East Coast Shoot, Day 1: no flowers, please

June 19, 2009

After completing the plans for Jackson and Washington Parks in Chicago in 1871, Frederick Law Olmsted showed his plans to one of the park commissioners for approval.

The commissioner, after reviewing his plans, made the following query to Olmsted in a letter:

“I don’t see, Mr. Olmsted, that the plans indicate any flower beds in the park.  Now where would you recommend that these be placed?”

Olmsted wrote back, saying:

“Anywhere outside the park.”

Indeed, Olmsted was not a fan of flowers, and was notorious for excluding them in his plans for the great parks of the United States.  Flowers, he upheld, were too beautiful in themselves to act as part of a coherent landscape, when that landscape’s purpose was to “unconsciously” affect those within it.  His goal was to have people enter into a park and be subtly washed over with feelings of ease, without having to stop and say, “Look at that beautiful flower!”

This morning marked our first interview of the shoot, with Dr. Charles Beveridge:  Olmsted scholar, editor of the Papers of Frederick Law Olmsted, and author of Frederick Law Olmsted:  Designing the American Landscape, one of the most eloquently written books on the landscape artist and his works.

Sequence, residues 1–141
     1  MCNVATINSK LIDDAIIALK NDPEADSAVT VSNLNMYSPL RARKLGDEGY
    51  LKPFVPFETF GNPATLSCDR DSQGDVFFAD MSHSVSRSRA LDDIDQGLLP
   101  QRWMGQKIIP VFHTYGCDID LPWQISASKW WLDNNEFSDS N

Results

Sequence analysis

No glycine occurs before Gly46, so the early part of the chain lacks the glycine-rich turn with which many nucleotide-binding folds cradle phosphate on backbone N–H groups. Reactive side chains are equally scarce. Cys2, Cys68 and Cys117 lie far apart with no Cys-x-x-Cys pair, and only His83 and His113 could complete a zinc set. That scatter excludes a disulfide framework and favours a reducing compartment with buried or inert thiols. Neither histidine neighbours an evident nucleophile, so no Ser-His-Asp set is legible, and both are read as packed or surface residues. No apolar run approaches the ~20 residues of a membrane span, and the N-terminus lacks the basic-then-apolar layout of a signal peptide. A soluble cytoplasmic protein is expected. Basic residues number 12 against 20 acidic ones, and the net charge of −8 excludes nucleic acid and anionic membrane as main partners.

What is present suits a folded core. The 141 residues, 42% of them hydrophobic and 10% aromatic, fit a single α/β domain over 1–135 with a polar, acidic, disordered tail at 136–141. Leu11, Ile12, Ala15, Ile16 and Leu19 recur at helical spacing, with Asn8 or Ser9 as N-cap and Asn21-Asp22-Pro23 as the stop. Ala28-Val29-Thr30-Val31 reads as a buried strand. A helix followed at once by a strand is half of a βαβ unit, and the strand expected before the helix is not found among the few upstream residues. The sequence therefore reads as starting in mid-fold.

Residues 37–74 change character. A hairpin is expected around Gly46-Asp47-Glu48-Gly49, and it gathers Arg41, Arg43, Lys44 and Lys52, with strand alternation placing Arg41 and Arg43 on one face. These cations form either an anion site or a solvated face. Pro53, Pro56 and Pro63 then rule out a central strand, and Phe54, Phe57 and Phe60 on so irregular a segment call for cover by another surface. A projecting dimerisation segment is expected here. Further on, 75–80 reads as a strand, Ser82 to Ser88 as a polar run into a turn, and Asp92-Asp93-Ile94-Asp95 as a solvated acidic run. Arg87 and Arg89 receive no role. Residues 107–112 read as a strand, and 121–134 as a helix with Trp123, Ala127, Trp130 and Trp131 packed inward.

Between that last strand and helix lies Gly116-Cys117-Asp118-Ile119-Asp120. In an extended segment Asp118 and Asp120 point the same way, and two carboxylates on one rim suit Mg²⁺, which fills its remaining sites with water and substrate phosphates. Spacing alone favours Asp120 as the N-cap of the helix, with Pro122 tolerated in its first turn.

And so, fittingly, there was much discussion about what would appear in the background of his interview.  The team decided on the backyard of Dr. Beveridge’s DC-area home–a carefully-planned shot that included lots of lush green, but no flowers (at one point, a blue hydrangea was weighed down with a backpack to avoid sneaking on camera).

Now for behind the scenes shots.


One Response to “East Coast Shoot, Day 1: no flowers, please”

  1. […] you to notice the design — and, unless you’re looking for it, you don’t. The man even hated flowers because they call too much attention to themselves. You’re supposed to lose yourself in […]

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